By: Bill Hethcock
Elizeth Diaz has worked hard for many years toward her bachelor’s degree in psychology, and she looks forward to graduating in August from Dallas Baptist University.
But with $60,000 in student loan debt, an 8-year-old daughter, a 4-year-old son, and graduation date in the midst of a pandemic-induced recession, the 32-year-old is justifiably concerned about her future.
“I am worried,” Diaz said. “Once August comes and I receive my degree, I’m going to start paying that off. I have to find a job and get paid enough so that if I have to put my children in a day care, I can, and I will work until I can pay it off.”
High levels of college loan debt and child care issues are two obstacles that women experience more than men in Texas when it comes to getting an education that translates into financial security, according to the recently released third edition of the “Economic Issues for Women in Texas” report by the Dallas-based Texas Women’s Foundation.
Kate Rose Marquez, CEO of the Dallas nonprofit WiNGS, said she thinks education is the biggest challenge to women’s financial security. WiNGS helps women on several fronts, including overcoming poverty and attaining financial security.
“The biggest wage gap (between men and women) is at $35,000 and below,” Marquez said. “It’s almost a 2-to-1 where men make more than women in that salary range, and it closes as it increases. I think education is a huge part of that.”
Among full-time workers in Texas, women earn $10,136 less per year than men on average, the Texas Women’s Foundation study says. And the gender wage gap is persistent. It hasn’t budged over the last decade, according to the report, which is conducted every three years.
Child care is also a big part of the wage gap, Marquez said.
“You end up having women who are often single woman head-of-household and you’ve got them trying to juggle,” she said. “Being a single parent, they’ve got limits on their education.”
Women are at the heart of the student debt crisis, the Texas Women’s Foundation report found. Women owe nearly two-thirds of the roughly $1.4 trillion in outstanding student debt in the United States.
Texas has been slowly reducing public investment in the state’s colleges and universities since 2000, awarding more aid to full-time students attending four year universities and leaving less for part-time students and those attending two-year programs, the report notes.
Overall, Texas women are well-educated, with 1.4 times as many women as men completing public college in 2018. Yet Texas women still earn less than men in every occupation, according to the report.
While both Hispanic women and African American women are attending and graduating from college at numbers greater than Black and Hispanic men, Texas still has only 17 percent of Hispanic women and 27 percent of Black women with some sort of post-secondary degree, said Dena Jackson, chief operating officer of Texas Women’s Foundation.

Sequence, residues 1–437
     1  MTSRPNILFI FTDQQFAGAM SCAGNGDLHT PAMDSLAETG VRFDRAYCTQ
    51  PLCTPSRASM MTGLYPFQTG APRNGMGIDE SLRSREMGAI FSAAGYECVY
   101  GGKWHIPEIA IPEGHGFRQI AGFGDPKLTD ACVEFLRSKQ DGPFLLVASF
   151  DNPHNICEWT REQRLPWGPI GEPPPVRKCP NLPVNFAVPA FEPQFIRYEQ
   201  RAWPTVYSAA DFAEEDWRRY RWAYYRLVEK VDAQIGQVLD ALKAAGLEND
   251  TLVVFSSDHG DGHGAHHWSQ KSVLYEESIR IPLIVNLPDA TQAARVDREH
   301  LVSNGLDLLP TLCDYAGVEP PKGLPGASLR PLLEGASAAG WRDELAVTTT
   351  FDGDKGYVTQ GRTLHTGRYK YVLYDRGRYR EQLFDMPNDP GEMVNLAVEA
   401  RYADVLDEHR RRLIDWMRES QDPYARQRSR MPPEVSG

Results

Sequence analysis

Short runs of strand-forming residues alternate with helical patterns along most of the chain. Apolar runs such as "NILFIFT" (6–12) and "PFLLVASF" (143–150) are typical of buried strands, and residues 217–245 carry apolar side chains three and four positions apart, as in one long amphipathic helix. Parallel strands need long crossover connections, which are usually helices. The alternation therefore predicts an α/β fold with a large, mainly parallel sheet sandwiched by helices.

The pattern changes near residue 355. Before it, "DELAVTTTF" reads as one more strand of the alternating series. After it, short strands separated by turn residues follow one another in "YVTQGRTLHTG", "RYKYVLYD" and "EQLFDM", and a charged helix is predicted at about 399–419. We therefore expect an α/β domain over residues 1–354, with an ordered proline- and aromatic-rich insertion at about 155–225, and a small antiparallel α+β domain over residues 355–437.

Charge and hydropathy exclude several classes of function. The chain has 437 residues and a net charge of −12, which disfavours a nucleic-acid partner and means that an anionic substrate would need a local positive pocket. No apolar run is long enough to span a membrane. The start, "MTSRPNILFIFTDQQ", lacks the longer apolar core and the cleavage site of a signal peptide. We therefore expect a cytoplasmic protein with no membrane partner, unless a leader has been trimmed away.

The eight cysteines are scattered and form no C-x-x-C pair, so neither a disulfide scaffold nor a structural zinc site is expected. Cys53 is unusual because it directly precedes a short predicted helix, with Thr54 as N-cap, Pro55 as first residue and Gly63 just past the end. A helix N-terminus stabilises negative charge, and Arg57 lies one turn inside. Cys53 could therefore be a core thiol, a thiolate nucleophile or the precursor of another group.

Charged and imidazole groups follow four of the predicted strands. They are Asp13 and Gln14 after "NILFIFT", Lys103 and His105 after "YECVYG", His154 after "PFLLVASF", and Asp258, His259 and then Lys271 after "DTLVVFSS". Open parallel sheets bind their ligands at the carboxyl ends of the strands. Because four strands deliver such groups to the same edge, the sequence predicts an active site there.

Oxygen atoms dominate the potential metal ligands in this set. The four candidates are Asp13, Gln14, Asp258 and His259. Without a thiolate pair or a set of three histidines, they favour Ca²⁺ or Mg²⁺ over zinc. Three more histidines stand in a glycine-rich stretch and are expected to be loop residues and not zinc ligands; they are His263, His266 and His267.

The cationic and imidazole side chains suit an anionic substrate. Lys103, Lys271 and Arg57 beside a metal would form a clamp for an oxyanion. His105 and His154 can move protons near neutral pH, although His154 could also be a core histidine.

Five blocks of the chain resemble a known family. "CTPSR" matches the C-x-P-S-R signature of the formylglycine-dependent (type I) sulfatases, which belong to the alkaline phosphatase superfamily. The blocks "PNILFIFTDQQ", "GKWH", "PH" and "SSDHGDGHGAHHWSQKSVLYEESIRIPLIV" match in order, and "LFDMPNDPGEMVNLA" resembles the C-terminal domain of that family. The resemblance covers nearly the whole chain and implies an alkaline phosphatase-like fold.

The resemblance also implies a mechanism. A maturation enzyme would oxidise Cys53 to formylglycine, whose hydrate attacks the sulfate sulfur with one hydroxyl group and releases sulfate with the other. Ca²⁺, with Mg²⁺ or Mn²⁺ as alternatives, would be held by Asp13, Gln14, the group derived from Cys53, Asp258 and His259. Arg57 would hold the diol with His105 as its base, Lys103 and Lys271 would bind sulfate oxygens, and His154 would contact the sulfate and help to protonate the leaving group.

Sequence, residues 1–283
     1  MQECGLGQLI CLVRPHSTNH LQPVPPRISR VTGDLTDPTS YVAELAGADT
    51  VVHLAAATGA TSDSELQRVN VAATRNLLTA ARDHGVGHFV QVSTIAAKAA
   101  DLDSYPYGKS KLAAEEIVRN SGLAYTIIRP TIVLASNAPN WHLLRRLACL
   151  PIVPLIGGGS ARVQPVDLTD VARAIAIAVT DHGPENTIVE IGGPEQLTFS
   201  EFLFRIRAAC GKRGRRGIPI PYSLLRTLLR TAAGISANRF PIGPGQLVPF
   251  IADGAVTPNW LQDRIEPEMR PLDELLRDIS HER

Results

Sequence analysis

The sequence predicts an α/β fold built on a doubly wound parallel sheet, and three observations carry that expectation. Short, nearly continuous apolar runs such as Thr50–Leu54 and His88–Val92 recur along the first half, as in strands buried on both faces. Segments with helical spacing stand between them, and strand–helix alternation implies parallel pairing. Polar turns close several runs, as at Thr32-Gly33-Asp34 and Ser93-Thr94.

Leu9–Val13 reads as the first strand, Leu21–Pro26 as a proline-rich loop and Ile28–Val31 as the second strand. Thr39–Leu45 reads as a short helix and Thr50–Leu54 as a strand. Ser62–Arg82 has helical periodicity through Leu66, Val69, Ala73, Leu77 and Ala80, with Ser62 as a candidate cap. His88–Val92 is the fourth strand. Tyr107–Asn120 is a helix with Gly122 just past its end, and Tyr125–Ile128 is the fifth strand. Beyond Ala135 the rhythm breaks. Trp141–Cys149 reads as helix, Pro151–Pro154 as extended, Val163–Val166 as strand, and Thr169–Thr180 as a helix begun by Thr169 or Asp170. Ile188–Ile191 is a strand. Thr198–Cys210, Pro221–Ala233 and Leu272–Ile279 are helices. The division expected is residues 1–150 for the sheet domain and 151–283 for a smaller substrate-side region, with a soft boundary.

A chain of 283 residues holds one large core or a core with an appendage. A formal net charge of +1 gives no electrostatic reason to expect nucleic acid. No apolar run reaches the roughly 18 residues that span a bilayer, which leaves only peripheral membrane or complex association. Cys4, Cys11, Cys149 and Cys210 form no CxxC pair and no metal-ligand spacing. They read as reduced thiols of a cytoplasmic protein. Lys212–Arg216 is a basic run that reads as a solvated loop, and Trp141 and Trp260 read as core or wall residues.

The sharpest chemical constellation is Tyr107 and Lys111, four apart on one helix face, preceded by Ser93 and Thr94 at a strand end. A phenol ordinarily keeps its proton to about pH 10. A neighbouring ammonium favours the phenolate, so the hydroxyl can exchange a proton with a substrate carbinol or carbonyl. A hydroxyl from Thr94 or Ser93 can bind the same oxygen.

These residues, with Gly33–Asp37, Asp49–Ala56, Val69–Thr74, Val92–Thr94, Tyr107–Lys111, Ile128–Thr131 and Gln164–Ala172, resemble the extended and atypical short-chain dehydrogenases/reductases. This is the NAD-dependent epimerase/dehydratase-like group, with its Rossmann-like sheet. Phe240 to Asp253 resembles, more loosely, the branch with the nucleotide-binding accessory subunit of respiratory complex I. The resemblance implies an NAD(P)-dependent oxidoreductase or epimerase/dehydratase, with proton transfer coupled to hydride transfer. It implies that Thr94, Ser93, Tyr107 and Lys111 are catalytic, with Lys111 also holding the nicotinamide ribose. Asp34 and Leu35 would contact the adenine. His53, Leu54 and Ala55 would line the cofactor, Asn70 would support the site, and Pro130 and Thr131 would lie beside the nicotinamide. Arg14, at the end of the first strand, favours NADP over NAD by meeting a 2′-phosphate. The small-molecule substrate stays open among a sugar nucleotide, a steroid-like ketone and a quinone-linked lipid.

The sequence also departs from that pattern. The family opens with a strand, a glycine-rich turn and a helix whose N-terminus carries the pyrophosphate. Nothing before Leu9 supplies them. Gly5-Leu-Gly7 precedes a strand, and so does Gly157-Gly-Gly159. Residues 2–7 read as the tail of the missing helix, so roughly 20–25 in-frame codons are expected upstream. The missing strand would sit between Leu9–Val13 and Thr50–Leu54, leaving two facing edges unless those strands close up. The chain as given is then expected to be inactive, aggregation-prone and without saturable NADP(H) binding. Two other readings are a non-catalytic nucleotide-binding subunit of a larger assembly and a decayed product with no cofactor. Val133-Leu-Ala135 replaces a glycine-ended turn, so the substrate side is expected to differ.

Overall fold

That statistic is going to make it difficult for Texas to reach its “60-by-30” educational goal — 60 percent of Texans having a post-secondary degree by 2030, Jackson said.
Hispanic women are the fastest-growing demographic in the state, Jackson said. There are about 1.2 million more Hispanic women in Texas in 2018 than there were in 2008, which is a 31 percent growth rate, she said.
“If you do not continue to invest in the growth of particularly Hispanic families, then we’re never going to be able to succeed at 60-by-30,” she said.
Even though women in Texas are earning college degrees at a rate faster than men, women are earning specialized and advanced degrees at a lower rate than men, factoring into the lower pay for women, according to the report.
Diaz graduated from Duncanville High School in 2006, and her journey to a bachelor’s degree has been a long one.
She attended community college on and off, depending on work and family commitments, got married in 2011, and in 2013 finished her associate’s degree through the Dallas County Community College District.
She and her husband, a welder, have had financial challenges, and most of the child care has fallen to her, Diaz said.
“I stopped (taking classes) because I had to work and also take care of my child and support my husband and my family,” Diaz said. “All through the years of my marriage, I worked, except for now. This year has been different. It has changed due to the virus and a lot of things are going to change for my kid’s education as well.”
Diaz said she’s looking for a job, but isn’t sure exactly what she wants. She’s gotten certification to sell life insurance in hopes of trying to make some money with a flexible schedule.
Despite her challenges, Diaz remains optimistic and full of faith.
“I want to give back to the community,” she said. “I want to use my time to serve in an area where God wants me to and provide to families, whether it’s through counseling or through my service.”